How Warehouse interiors designer Jade Turner manages conflicting home styles with his husband

The Warehouse homewares designer Jade Turner knows what your house will look like the summer after this one, and says it’s sure to follow the Kiwi vibe – coastal, slightly tropical and connected to nature.

Turner, 42, lives in Hillsborough, Auckland, with his husband Campbell Orr, and their rescue dog, Pepper.

JADE TURNER:

I live in Hillsborough, but it’s more like Royal Oak – on the other side of the motorway, closer to the city.

I live with my husband, Campbell Orr, and our dog, Pepper. I’ve been living here for 16 years but it used to be Campbell’s family home, so he’s been here forever. He’s lived overseas, travelled the world, done everything and then he just came back to home.

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We’ve modernised a bit – It’s been a process. We have quite different styles. I consider myself modern vintage: ‘Let’s add everything together, put it in a gold gilded frame, add chandeliers and bright wallpaper. Let’s go crazy.’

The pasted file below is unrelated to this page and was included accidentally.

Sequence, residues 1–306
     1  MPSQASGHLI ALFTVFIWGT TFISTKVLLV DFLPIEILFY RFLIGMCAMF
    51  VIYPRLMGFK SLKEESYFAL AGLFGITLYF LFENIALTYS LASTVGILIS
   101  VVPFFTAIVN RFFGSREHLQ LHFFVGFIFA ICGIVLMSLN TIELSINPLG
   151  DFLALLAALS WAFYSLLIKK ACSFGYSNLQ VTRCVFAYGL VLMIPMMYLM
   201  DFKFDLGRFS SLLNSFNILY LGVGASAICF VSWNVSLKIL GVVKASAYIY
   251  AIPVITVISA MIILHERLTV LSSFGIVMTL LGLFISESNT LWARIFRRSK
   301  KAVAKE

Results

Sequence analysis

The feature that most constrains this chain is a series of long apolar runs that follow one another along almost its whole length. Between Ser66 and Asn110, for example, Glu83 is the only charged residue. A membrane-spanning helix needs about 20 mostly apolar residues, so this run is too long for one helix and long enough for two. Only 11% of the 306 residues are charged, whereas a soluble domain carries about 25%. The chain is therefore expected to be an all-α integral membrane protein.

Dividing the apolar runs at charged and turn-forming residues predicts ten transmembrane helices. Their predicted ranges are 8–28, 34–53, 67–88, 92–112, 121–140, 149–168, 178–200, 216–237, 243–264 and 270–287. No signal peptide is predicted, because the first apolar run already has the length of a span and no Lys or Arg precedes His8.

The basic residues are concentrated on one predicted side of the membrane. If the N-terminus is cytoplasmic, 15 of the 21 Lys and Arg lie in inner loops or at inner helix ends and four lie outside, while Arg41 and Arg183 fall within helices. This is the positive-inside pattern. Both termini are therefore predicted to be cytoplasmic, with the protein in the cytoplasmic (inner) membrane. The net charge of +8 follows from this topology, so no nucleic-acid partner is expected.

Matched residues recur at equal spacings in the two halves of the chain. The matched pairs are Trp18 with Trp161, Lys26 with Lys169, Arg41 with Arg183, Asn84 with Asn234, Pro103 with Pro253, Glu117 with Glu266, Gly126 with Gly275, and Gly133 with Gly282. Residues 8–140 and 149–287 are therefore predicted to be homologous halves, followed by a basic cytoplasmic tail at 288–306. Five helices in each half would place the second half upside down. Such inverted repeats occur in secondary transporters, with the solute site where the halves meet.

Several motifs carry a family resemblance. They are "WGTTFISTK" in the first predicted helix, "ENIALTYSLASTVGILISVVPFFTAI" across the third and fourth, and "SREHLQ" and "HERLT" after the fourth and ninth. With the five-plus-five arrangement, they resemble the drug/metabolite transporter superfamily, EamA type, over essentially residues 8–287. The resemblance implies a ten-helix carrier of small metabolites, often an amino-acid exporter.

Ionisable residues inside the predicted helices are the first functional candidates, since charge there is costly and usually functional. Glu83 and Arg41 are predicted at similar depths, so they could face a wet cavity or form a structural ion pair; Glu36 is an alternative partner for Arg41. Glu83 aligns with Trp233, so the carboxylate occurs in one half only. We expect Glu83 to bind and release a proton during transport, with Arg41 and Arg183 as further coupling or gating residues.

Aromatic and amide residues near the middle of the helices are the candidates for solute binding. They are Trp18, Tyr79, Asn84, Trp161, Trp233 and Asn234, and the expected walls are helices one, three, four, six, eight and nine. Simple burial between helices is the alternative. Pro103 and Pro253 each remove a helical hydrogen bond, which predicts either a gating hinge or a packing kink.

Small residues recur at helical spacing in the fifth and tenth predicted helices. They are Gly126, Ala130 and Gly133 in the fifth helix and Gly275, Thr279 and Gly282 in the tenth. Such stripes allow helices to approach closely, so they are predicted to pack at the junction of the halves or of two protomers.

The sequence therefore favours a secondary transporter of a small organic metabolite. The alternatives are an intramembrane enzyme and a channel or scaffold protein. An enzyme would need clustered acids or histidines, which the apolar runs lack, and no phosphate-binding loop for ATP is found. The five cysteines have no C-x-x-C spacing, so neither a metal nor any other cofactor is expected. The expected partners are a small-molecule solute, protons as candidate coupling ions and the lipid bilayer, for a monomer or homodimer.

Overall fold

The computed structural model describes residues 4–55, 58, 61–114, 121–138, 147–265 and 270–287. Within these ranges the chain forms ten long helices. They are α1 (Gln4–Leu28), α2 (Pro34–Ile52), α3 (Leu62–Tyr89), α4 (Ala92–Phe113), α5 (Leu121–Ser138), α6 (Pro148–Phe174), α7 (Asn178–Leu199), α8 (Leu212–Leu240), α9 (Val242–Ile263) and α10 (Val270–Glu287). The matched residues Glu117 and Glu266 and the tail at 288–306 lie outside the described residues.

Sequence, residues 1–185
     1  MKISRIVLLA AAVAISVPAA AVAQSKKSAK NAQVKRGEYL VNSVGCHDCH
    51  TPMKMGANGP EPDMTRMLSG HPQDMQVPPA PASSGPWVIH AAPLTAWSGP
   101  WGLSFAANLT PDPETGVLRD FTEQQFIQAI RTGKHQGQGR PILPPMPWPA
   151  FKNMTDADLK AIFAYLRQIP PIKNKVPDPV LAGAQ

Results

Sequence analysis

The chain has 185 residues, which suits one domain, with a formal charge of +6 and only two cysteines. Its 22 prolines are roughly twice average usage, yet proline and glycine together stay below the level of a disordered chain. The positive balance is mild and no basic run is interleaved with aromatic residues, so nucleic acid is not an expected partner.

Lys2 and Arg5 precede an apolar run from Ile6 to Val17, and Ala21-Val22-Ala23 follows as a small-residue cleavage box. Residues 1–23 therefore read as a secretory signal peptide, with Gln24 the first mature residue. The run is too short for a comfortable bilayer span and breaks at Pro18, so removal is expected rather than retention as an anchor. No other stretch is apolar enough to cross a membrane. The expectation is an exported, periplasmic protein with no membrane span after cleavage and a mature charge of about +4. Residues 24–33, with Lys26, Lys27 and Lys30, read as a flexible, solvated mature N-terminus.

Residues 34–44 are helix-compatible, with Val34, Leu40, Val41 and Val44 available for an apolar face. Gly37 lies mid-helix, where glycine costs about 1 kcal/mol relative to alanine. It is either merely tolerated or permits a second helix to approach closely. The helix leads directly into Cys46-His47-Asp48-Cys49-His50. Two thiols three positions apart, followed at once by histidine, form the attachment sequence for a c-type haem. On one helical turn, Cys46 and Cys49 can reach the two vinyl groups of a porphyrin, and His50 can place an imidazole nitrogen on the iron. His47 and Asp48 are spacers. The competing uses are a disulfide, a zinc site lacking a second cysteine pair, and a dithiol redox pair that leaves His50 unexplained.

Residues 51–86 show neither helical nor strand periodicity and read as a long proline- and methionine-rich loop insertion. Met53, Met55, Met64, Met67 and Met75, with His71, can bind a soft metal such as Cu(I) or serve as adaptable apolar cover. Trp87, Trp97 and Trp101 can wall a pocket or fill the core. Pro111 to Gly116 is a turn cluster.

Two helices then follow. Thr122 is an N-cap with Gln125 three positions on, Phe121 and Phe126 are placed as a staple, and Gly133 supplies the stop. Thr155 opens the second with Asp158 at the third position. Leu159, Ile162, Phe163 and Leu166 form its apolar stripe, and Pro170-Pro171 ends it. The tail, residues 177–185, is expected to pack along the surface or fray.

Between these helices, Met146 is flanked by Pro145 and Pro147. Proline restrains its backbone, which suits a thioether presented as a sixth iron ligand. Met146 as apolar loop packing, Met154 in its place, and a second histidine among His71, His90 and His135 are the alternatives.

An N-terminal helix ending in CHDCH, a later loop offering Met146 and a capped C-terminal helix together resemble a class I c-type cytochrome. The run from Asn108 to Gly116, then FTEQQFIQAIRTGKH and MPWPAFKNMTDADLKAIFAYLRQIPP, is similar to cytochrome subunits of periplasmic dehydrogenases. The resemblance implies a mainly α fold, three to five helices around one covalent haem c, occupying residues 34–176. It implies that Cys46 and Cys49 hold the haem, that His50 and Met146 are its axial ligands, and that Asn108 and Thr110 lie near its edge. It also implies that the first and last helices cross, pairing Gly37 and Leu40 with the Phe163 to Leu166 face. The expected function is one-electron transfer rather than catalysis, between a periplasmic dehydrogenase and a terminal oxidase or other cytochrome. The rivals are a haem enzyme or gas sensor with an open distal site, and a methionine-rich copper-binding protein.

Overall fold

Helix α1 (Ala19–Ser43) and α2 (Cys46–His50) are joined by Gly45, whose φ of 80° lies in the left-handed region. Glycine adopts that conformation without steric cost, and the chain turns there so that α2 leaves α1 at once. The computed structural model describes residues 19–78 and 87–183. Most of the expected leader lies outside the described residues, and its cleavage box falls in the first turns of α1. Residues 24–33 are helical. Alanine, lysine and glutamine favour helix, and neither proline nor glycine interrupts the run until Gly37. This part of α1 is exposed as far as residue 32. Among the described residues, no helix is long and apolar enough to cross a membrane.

Campbell’s more modern coastal, ‘I want it to look like the Hamptons.’ Also, because he works in real estate, he wants everything to be clean, open and to flow. And I say, but what about the personality?

For five years, we had my style and then it was time to renovate, and he said: ‘Great. It’s my turn.’

It’s turned out pretty well because it makes it a blank canvas for when I bring stuff home from work. I get to put it against the wall. Does it need more colour, less colour? I can check scale of the prints I design, how the texture works.

Turner’s husband bought the ‘Let them eat cake’ sign as a present. “I personally just love that saying. It’s the worst saying in the world,” Turner says, “but I find it quite comical.”

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Turner’s husband bought the ‘Let them eat cake’ sign as a present. “I personally just love that saying. It’s the worst saying in the world,” Turner says, “but I find it quite comical.”